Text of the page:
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A numerical and climatological investigation of deep convective cloud patterns in south Florida




McQueen, Jeffery T., author
Pielke, Roger A., author
Department of Atmospheric Science, Colorado State University, publisher

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Climatological characteristics of thunderstorm activity over South Florida are presented by processing and compositing digital visible and infrared satellite imagery collected during the summer of 1983. To describe the physical processes associated with the occurrence and patterning of the satellite observed deep convection, averaged quantities of numerous synoptic variables were calculated for days which made up the satellite composites. A three-dimensional mesoscale model is also utilized to investigate the physical processes associated with the deep convection patterns over South Florida. The model incorporates the interaction between the sea breeze forcings and the synoptic flow as well as the effects of variations in the ground surface characteristics. The satellite composite results demonstrated that the deep cumulonimbus activity over South Florida on synoptically undisturbed days during the summer is strongly focused in specific geographic regions of the peninsula. Moisture availability on the synoptic scale was found to be the most important control on the percentage of afternoon deep convective cloud activity. Also, strongly correlated with the amount of afternoon deep convective cloudiness over the peninsula was the morning (0800 EST) deep cumulus activity over water. The specific locations of thunderstorm activity were mainly found near maximums in sea breeze and local scale convergence of low-level moisture and wind. The patterns of these sea breeze fields are controlled by the different types of ground surface, and by the speed and direction of the synoptic flow.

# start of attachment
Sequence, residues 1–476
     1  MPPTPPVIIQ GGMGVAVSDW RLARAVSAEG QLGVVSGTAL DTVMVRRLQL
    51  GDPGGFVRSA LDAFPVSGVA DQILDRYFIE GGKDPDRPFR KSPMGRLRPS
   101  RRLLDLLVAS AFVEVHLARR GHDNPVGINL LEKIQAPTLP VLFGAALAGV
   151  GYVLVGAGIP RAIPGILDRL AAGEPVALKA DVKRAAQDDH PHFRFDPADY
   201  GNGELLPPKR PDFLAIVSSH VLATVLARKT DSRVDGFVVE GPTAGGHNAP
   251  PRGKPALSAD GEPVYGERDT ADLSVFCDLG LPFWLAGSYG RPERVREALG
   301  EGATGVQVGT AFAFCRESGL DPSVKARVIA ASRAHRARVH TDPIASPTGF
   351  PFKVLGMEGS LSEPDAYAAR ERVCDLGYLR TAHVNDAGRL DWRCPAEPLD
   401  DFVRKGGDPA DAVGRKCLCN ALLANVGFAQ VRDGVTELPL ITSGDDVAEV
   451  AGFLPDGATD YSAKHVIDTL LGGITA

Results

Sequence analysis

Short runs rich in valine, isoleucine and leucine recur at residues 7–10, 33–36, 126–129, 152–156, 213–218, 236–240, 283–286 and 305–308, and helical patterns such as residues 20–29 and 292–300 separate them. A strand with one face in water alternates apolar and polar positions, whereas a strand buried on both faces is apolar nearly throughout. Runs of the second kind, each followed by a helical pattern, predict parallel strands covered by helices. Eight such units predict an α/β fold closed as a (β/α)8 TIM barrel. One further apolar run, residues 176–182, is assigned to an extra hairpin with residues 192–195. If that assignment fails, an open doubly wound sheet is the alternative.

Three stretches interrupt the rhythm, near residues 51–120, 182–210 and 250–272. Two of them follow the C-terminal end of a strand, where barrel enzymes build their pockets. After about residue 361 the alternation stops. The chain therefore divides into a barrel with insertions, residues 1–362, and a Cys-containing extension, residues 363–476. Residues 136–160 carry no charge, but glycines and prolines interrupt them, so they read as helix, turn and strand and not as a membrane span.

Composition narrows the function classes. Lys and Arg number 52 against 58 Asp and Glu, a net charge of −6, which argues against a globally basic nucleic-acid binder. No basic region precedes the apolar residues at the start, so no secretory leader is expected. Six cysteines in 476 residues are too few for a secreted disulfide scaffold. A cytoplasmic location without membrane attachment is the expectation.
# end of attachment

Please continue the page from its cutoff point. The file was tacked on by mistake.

July 1985.
Includes bibliographical references (pages 168-171).

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Thunderstorms -- Research -- Florida
Convection (Meteorology) -- Florida


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